Could you imagine being kidnapped and sold into slavery? In the 1500s during the Trans-Atlantic Slave Trade being kidnapped and sold as a slave was a common occurrence in Africa. Throughout this period of time, Europeans would come to Africa in search of a source of labor, slaves, to send to work on their plantations. In exchange for slaves, African people would receive manufactured goods from the Europeans. The process of the Trans-Atlantic Slave Trade was a maniac and unsafe affair.
In addition, Europeans later took control of the Atlantic Slave Trade by trading slaves to North Americas, South America, and the Caribbeans. Europe then colonized and conquered some parts of Africa, and began trading any African to different nations. As for the slaves themselves, they faced unimaginable brutality. They were marched to the slave ports on the coast, shaved and branded onto ships. The times in the ships were very cruel, in fact, there was many diseases which led to
Between the 1500s and the 1900s, Europeans forcibly uprooted millions of people from throughout West Africa and West Central Africa and shipped them across the Atlantic in conditions of great cruelty. The transatlantic slave trade was responsible for the forced migration of between 12-15 million people. European slavers dispersed them across the Americas to lead lives of degradation and brutality. As a result, people of African descent are spread throughout the Americas and Western Europe. This is called the African Diaspora.
As a matter of fact, already from the very beginning -in ships that brought slaves from Africa to the Caribbean- people from the same tribe were kept separated and then, once arrived in the mainland, they were scattered and mixed with others in order to avoid possibility of communication and revolts. This, for example, dramatically destroyed the continuity of their social order as well as their communal way of life. Furthermore, the experience of slavery itself deprived them from any spirit of enterprise or even self confidence: they underwent a deep psychological transformation that left them at the mercy of the colonizer. (Hiro, 1991) It is, therefore, possible to talk about a proper “[…] loss of identity, which has been integral to the Caribbean experience […]” (Hall, 1990:224-5). Quoting Hiro (1991:74) “[…] imperialist Europe had banished the abundant cultural heritage of Africans underneath centuries of slave trade.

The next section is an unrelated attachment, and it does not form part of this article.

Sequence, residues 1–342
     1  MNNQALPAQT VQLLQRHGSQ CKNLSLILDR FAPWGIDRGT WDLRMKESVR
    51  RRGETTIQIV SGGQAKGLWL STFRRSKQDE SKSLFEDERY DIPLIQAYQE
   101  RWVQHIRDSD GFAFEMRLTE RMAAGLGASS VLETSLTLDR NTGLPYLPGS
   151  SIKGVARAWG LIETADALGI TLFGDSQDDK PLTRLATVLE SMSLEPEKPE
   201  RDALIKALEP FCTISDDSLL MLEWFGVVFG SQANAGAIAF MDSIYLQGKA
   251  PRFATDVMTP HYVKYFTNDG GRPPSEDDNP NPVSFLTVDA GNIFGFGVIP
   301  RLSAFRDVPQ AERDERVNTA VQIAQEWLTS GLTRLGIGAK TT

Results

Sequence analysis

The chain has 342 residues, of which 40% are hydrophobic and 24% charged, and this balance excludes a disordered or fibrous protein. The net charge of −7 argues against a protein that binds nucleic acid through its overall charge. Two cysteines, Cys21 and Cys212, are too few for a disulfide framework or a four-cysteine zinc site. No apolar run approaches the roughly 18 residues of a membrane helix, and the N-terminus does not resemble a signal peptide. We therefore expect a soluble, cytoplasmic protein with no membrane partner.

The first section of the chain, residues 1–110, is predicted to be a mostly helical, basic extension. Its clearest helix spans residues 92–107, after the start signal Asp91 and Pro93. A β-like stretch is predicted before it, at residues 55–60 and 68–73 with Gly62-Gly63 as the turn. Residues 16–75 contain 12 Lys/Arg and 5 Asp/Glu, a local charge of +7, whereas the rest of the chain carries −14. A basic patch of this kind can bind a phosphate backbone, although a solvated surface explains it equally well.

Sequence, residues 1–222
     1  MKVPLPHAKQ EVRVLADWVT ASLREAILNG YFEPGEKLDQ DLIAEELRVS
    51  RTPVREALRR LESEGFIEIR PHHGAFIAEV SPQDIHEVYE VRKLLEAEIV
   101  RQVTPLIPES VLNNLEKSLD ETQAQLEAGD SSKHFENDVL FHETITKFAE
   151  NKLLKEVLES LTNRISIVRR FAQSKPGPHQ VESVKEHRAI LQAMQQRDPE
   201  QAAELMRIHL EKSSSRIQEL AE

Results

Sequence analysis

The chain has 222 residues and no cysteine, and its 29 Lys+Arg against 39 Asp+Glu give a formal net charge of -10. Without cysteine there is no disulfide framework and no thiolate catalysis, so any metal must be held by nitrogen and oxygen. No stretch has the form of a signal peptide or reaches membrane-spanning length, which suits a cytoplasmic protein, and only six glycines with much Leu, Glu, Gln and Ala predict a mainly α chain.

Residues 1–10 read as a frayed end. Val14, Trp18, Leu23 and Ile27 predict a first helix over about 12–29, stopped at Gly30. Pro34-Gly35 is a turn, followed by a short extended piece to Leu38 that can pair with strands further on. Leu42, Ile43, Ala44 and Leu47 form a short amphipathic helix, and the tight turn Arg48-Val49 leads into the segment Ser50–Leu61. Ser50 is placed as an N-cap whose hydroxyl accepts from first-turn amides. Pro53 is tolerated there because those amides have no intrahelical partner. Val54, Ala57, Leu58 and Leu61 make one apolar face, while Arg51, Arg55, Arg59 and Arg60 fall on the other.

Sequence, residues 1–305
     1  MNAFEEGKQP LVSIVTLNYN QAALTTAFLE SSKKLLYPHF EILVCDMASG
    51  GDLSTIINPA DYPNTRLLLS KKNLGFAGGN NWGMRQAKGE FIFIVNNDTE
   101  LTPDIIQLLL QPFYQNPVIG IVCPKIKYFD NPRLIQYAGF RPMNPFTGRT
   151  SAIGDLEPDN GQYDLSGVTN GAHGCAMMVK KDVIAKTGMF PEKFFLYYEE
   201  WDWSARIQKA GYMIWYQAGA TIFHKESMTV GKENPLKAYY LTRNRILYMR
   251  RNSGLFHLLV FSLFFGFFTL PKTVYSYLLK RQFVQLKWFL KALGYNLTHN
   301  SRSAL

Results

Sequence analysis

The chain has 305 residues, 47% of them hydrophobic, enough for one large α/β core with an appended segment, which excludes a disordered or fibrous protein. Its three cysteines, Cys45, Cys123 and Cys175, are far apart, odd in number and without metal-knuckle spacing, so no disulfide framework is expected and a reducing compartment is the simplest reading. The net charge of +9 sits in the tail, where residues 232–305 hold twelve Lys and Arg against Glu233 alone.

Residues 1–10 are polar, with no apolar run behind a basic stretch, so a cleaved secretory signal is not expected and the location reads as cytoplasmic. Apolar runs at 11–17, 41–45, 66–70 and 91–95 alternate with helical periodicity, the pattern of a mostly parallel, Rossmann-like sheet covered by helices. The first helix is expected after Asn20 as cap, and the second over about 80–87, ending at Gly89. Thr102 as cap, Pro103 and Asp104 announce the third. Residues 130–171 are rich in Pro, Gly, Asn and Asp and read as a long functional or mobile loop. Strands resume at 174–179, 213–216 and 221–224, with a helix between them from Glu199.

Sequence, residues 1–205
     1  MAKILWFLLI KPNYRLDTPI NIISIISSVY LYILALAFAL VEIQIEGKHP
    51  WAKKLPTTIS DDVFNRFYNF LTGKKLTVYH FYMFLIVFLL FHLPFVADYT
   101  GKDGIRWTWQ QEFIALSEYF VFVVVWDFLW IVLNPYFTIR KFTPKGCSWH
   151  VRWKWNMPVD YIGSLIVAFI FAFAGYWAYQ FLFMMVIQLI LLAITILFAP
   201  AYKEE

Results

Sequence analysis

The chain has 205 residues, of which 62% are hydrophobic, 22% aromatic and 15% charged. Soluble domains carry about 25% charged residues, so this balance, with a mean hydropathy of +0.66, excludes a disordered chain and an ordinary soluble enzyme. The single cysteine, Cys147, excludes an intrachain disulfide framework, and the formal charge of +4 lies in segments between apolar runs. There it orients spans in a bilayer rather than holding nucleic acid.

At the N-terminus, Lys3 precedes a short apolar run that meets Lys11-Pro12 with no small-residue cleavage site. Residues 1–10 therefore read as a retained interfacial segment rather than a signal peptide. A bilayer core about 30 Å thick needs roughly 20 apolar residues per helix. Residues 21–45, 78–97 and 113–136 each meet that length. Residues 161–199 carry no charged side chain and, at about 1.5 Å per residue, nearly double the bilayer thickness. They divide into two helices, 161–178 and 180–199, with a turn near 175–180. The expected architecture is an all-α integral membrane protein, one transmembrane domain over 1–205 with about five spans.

Although forms of slavery existed before the 1400s, this decade stigmatized the start of European slave trading in Africa with the Portuguese transferring people from Africa to Portugal and exploiting them as slaves. The development of colonization intensified the slave trade. Throughout the 1600s, more countries were involved in the European slave trade, including Spain, North America, Holland, France, Sweden, and Denmark. After the cessation of the African slave trade, occurred the phenomenon of “white slavery”, which constitutes the “procurement—by use of force, deceit, or drugs— of a white woman or girl against her will for prostitution.” 4.1.2. Human Trafficking in the 1900s
It was the direct destruction of Africans. Enslavement in Africa became part of an international trade system called the ‘triangular trade’. As part of this trade, African captives were taken thousands of miles across the Atlantic and forced to work in plantations and mines. African people trafficking to America were part of triangle trade between Africa Europe and New World. There was created a circle Europe provided Africa by manufactured goods; from Africa to America were trafficking slaves; and Europe gave raw materials from America.
This happened by having more advanced weapons, cooperate with local leader, and took advantage of Africa conflict. The effects of European imperialism on Africa was economic negative because European took away their properties them using Africans and Indians for labor which caused the loss of food. It was social positive because they got rid of slavery which the Africans had more opportunities. The effects of European imperialism in Africa was economic negative because European took away their properties them using Africans and Indians for labor which caused to lose food. According to document one by Ndansi Kumalo who was a chief from Rhodesia in 1890s states, Africans were angry at the British because they took away their animals, property and land.
Slavery was taking place all around the world. Africans were being taken against their will and sold into slavery. In the 1400’s, Portugal began to sell slaves from West Africa to the New World by the Atlantic Ocean. Throughout the years of 1451 and 1475, slavery increased from 1000 slaves being sold a year to 7500 slaves being sold a year. Slavery became more and more popular throughout the seventeenth and eighteenth centuries.
Murdoch, explores how the transformations engendered by the slave trade facilitated the development of the ethnic and cultural patterns that are present in today’s society. He claims that the inhabitants of the Caribbean islands will perpetually be binded to the cruel injustice faced by their African descendants. Murdoch specifically examines the relationship between sugar and slavery in Jamaica and its governance over society’s perception of racism and discrimination. The author believes that the combination of the white merchants and black slaves in the sugar industry instigated a community that developed an overlapping division of race and class. He affirms that the whites were subdivided into two main social statuses during the era; the “principal whites” and the “poor whites”.